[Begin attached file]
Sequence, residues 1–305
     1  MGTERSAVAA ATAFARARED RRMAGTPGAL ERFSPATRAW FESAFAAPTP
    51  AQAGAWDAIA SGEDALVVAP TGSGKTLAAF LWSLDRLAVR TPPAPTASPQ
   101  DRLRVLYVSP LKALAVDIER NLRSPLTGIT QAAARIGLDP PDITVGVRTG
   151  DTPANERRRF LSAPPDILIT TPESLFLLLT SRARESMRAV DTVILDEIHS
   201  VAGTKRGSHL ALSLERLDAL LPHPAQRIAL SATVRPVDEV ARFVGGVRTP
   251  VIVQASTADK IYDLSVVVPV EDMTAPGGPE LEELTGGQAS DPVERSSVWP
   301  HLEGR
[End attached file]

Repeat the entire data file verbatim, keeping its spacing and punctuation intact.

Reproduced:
Sequence, residues 1–305
     1  MGTERSAVAA ATAFARARED RRMAGTPGAL ERFSPATRAW FESAFAAPTP
    51  AQAGAWDAIA SGEDALVVAP TGSGKTLAAF LWSLDRLAVR TPPAPTASPQ
   101  DRLRVLYVSP LKALAVDIER NLRSPLTGIT QAAARIGLDP PDITVGVRTG
   151  DTPANERRRF LSAPPDILIT TPESLFLLLT SRARESMRAV DTVILDEIHS
   201  VAGTKRGSHL ALSLERLDAL LPHPAQRIAL SATVRPVDEV ARFVGGVRTP
   251  VIVQASTADK IYDLSVVVPV EDMTAPGGPE LEELTGGQAS DPVERSSVWP
   301  HLEGR